How Pandora could raise its revenues

radio

After nearly 11 years as a “startup,” personalized radio provider Pandora finally went public last week, raising over $230 million and debuting with a valuation of over $3 billion. It may be a labor of love, but with its focus on radio, Pandora has a better chance for mass adoption than most other digital music services, as I detail over at GigaOM Pro (subscription required). The company is currently losing money (though not Groupon-style), but its solution is to raise more revenues rather than cut expenses.

While Pandora has a $12 per month $36 per year subscription service, 85 percent of its revenues come from its free, ad-supported product. It pays out a manageable 50 percent of revenues in royalties that are mostly set by the copyright board and are scheduled to go up a bit. Even as it grows, it will be difficult for Pandora to get lower, negotiated rates. In comparison, on-demand streaming royalties — the ones Rhapsody and Spotify have to pay — are significantly higher, and the margin on 99-cent singles is negligible. Since it’s going to be tough for Pandora to cut its costs, here’s what it needs to do to increase revenues:

  • Secure auto distribution. Auto manufacturers require a cut of revenues or customer-acquisition bounties, but cars made satellite radio. To accommodate smartphones, Pandora has deals with Ford, Mercedes-Benz and Mini. It needs to get more, and get in the dash.
  • Shift its mix. Spotify reportedly makes 60 percent of its money off subscriptions, so car companies could help Pandora move its revenue mix a bit toward subscriptions. Pandora doesn’t need to add an on-demand service. Though it seems appealing to bundle music discovery, passive and on-demand listening, and collection management, that hasn’t proven to be a killer combo for Rhapsody.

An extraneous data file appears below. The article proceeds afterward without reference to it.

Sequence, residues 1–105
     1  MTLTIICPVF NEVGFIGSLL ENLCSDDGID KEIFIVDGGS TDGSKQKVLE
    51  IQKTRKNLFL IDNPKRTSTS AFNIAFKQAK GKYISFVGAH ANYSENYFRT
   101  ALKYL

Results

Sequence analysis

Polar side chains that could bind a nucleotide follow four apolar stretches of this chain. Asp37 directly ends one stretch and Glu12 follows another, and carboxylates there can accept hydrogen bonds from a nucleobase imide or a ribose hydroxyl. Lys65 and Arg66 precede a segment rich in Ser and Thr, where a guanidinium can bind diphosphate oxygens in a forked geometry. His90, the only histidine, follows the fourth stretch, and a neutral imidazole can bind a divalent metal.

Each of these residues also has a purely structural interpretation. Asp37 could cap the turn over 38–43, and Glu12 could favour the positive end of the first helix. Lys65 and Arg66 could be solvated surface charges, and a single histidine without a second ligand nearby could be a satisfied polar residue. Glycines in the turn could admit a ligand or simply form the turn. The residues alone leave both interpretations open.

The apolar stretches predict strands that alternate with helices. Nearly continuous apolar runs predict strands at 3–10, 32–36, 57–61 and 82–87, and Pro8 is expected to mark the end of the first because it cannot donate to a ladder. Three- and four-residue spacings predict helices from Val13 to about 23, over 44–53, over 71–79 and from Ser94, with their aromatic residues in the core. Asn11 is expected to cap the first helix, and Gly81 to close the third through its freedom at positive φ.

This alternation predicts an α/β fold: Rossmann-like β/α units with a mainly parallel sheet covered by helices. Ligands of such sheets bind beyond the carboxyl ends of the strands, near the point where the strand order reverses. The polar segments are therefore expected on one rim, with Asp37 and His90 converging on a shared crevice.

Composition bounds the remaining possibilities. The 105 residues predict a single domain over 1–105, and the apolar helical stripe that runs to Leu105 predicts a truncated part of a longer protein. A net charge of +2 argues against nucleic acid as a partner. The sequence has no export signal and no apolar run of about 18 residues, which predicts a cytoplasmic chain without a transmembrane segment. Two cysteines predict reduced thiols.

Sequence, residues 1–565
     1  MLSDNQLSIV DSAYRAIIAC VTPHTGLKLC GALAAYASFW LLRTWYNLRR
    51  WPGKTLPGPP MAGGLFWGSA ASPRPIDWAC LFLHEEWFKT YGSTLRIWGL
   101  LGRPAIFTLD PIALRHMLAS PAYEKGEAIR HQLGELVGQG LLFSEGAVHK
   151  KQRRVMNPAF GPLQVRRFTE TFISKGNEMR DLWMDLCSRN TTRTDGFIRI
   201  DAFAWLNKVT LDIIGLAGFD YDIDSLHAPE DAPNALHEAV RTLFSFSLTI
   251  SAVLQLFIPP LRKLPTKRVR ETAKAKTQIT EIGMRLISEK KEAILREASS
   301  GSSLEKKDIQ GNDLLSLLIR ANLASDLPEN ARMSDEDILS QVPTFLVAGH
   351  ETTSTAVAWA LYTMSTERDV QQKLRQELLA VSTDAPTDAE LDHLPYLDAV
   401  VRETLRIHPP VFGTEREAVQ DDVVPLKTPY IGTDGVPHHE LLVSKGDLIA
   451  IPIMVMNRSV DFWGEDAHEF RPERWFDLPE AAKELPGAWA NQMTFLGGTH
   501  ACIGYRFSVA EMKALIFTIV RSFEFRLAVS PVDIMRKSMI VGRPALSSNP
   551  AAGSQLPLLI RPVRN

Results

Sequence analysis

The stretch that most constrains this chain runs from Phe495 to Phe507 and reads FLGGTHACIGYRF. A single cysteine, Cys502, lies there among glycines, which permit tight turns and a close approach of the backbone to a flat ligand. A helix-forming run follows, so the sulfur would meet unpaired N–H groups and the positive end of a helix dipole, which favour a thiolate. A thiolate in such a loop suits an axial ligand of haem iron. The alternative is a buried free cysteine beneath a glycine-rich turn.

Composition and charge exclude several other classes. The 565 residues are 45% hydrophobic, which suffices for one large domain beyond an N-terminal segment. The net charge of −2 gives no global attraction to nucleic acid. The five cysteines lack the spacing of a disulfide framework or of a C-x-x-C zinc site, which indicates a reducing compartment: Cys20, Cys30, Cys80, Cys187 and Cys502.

• Focus on national audio ads. Analog radio advertising is a local business, but that requires a huge sales force or effective ad networks (Google abandoned radio, and networks like TargetSpot are relatively small). Since its mix is much lower than regular radio, Pandora can get away with adding more ads per hour. Doing so will somewhat compensate for lower prices compared to the display and video ads (which no one sees anyway) on its desktop product.

Pandora’s product and business model are aligned with existing consumer behavior, and they are adapting to mobility well. Pandora itself doesn’t have to work as hard as companies trying to justify the jukebox in the sky, and it doesn’t require as much effort from its audience as some of the new social music experiences. To read more about Pandora’s competition and how it matches up, see my weekly update at GigaOM Pro (subscription required).

Image courtesy of flickr user unclekage

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